By Tabitha Smiel | August 19, 2021
USU’s Old Main tower in the fall viewed from the southwest. During the 2021 fiscal year, Utah State University’s research funding reached a new record high of $368.5 million, a 26 percent increase.
Despite the many challenges of the past year, Utah State University’s research funding reached a new record high during the 2021 fiscal year, with researchers receiving awards totaling $368.5 million. This growth represents a 26 percent increase from last year.
USU’s total funding includes $124.5 million generated by researchers on campus, as well as $244 million in contracts and grants from USU’s Space Dynamics Laboratory.
“During the past 18 months, our faculty have adapted to the challenges of the pandemic with a spirit of opportunity and innovation,” said USU President Noelle E. Cockett. “They created new and expanded systems to educate students, and they found creative ways to continue and grow their research projects and programs. To add a record year in research funding to those successes is truly outstanding.”
About one-third of USU’s overall revenues come from research funding, with a little more than half of that coming from competitive federal sponsors outside the state. External funding augments other revenue sources, including state appropriations and student tuition.
One of the most significant new grants was awarded by the National Science Foundation to Regan Zane of the College of Engineering to establish the Advancing Sustainability through Powered Infrastructure for Roadway Electrification (ASPIRE) Center. The center will use the funding to conduct research related to the mass adoption of electric vehicles.
SDL has a number of large research projects. It was recently awarded a contract to provide a constellation of small satellites that will enable NASA unprecedented views of the sun. NASA’s Sun Radio Interferometer Space Experiment mission, known as SunRISE, is designed to observe powerful solar storms which have broad implications for life on Earth and beyond.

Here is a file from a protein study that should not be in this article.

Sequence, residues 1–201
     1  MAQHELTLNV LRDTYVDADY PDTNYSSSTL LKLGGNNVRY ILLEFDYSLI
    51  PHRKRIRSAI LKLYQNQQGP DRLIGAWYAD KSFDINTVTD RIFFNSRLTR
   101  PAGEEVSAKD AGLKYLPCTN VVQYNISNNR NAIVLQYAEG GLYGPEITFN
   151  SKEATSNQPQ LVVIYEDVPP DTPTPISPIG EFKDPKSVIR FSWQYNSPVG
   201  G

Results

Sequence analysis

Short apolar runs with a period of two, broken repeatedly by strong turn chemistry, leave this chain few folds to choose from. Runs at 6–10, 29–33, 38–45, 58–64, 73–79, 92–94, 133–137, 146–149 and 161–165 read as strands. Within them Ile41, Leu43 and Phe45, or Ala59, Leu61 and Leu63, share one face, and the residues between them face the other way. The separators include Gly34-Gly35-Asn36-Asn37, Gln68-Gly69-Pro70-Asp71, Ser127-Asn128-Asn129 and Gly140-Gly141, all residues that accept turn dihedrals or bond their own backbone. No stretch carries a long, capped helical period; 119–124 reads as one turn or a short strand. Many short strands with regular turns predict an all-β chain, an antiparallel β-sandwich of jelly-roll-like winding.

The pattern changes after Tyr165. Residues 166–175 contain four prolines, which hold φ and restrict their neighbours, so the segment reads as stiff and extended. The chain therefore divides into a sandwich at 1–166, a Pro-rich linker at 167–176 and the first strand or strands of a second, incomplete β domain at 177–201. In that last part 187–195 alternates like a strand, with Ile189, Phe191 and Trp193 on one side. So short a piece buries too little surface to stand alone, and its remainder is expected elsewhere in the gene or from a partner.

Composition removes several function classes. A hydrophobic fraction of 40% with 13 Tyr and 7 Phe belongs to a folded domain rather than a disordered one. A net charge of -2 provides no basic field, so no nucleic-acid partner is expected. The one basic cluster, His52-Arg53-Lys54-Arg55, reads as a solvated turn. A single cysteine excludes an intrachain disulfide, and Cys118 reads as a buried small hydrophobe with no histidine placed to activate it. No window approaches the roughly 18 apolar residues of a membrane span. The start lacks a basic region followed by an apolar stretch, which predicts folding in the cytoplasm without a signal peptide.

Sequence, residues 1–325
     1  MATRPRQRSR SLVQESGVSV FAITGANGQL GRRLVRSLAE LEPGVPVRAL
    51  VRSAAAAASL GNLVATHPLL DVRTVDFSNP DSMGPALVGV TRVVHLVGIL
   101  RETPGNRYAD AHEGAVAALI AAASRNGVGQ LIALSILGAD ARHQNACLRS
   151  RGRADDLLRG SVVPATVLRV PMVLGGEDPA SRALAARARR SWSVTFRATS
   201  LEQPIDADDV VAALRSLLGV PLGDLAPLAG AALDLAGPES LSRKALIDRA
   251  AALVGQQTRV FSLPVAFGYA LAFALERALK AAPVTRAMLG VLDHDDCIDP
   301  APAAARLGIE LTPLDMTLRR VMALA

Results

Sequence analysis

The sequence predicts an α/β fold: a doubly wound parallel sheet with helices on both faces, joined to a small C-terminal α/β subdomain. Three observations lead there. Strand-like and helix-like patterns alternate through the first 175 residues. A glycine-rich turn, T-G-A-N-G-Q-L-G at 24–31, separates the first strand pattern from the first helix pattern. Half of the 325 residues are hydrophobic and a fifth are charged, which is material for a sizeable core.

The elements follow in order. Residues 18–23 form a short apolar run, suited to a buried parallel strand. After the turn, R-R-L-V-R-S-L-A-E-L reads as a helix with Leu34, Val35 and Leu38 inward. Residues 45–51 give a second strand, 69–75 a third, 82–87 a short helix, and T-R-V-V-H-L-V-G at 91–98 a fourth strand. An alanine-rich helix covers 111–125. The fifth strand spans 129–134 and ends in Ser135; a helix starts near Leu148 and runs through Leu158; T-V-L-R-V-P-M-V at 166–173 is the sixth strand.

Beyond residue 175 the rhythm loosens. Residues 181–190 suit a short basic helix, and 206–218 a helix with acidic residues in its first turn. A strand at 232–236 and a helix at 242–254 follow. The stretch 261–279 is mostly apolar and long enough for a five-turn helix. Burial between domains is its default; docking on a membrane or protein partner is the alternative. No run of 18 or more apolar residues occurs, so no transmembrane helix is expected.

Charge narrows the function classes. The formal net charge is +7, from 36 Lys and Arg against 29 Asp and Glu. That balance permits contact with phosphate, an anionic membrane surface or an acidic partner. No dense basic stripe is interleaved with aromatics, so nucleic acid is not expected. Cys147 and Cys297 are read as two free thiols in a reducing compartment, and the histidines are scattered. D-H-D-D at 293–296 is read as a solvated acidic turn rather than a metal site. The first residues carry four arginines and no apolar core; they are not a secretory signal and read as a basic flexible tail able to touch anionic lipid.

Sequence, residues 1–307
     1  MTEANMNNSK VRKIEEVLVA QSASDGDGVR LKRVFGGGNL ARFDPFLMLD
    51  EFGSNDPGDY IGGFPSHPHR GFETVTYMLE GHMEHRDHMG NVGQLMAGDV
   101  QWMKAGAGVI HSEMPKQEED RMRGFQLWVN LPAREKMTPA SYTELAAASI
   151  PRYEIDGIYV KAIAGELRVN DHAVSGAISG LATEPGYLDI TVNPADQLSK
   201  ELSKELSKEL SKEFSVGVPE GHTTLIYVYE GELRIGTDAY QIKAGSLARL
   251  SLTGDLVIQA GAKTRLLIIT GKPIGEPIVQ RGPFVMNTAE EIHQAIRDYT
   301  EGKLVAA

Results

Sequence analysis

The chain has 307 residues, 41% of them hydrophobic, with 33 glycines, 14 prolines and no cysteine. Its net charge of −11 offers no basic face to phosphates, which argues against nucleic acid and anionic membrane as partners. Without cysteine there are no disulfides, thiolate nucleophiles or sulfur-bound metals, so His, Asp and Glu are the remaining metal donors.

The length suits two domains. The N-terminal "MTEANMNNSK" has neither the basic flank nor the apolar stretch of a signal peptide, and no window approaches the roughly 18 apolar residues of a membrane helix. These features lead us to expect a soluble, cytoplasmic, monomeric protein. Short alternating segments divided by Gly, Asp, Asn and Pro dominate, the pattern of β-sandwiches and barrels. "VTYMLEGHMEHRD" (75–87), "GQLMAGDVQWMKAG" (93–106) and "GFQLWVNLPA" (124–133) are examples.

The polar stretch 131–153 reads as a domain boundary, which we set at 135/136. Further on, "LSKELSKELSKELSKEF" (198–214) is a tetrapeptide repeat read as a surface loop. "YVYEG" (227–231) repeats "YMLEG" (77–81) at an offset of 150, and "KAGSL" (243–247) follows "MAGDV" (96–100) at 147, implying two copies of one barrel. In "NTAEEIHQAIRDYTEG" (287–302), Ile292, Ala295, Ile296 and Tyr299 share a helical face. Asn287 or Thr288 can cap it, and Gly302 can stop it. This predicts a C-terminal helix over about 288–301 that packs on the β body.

“A record year in funding provides us an opportunity to better address the societal factors that are impacting Utahns specifically, and the rest of the world broadly,” said Vice President for Research Lisa Berreau.
Utah State’s Extension programs, which bring USU research directly into Utah’s communities, more than doubled its award money year-over-year. Paul Hill received more than $1 million from the United States Department of Commerce to foster remote work environments, particularly in places that have suffered the most economic hardship from COVID-19.
The Rural Online Initiative (ROI) program, managed by Hill, will teach organizational leaders how to develop remote work plans in addition to providing recovery training for future natural disasters and economic shocks, ensuring that Utah stays globally competitive.
Funding from private sponsors increased by $5.3 million in the past year and was spread across many campus programs. The antiviral research group, which was active in COVID-19 treatment research, was a driving force for that funding.
“I am impressed and grateful to see a record-breaking year in research funding,” Berreau said, “and none of it would be possible without our faculty who are dedicated to making a better world.”
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